Speculation, Synthesis and the British Culture of Exploration
Research by Natalie Cox
Armchair geography: speculation, synthesis, and the culture of British exploration, c.1830-1870
September 2012 start, 2017 completion. University of Warwick: PI Dr David Lambert.
Armchair geographers, an under-appreciated group of British and Irish authors and critics, spoke, wrote, theorised and produced maps about the non-European world based not on their own observations, but using a combination of the collation, interpretation and synthesis of existing sources. Active in contemporary geographical controversies centred on RGS-IBG but with wider public resonance, they often criticised – sometimes quite rightly – the claims of contemporary explorers such as David Livingstone, Richard Burton and John Hanning Speke. Victorian armchair geography has continuing resonance in present-day debates about field science, expeditionary activity and academic knowledge (such as the notion that expeditionary research in the ‘field’ is superior to that stemming from the ‘ivory tower’).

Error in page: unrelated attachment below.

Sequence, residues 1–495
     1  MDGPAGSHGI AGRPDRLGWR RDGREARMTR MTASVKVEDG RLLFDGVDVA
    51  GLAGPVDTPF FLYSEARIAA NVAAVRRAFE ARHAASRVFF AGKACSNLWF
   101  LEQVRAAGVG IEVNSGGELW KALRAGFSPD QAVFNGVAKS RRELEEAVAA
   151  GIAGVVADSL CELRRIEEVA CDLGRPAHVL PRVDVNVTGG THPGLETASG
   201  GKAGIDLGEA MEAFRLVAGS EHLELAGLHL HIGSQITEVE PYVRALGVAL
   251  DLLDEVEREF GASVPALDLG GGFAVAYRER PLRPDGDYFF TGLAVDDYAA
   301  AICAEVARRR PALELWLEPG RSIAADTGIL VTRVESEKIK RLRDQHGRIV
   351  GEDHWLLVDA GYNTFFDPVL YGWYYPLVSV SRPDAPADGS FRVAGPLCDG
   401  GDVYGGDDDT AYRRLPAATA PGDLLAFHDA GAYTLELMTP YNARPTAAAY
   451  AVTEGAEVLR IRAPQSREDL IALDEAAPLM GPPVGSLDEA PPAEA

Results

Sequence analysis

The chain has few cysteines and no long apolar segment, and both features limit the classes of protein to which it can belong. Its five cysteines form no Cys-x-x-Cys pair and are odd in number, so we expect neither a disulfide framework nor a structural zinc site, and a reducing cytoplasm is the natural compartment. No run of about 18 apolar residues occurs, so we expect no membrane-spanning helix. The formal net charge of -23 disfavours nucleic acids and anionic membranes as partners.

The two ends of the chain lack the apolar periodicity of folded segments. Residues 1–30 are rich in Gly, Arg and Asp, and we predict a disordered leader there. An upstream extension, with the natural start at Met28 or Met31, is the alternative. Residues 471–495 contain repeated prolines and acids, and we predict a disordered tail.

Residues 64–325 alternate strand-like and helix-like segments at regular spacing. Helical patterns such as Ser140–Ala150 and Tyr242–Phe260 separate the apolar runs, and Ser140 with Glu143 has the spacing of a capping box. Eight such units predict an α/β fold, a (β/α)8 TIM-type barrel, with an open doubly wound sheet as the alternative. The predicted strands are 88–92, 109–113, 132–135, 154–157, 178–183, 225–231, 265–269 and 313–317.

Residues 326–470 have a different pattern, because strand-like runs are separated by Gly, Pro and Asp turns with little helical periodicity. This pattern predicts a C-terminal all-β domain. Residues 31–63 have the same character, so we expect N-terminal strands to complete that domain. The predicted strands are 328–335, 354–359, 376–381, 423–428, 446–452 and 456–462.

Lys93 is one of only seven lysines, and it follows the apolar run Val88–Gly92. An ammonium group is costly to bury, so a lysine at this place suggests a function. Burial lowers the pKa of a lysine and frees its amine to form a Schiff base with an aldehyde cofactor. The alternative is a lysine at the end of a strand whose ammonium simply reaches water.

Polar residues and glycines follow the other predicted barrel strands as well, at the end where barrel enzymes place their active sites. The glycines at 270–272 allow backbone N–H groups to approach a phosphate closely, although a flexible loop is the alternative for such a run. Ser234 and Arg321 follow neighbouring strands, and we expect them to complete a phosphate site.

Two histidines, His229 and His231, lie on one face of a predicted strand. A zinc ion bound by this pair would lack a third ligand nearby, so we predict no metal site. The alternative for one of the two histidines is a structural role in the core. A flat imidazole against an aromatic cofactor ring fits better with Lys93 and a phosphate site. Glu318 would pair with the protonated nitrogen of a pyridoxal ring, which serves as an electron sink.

A printed copy of this thesis is available for consultation in the Foyle Reading Room (reference only). An electronic copy may be ordered through the British Library's e-theses online service.
Women on Royal Geographical Society-supported Expeditions, 1913-1970. Research by Sarah L. Evans
Instruments of scientific governance? Historical geographies of Halley Bay, 1956-present. Research by Alice Oates
Hidden Histories of Exploration: Exhibiting Geographical Collections. Research by Lowri Jones
Technologies of Geographical Enquiry, c. 1860-c. 1939. Research by Jane Wess
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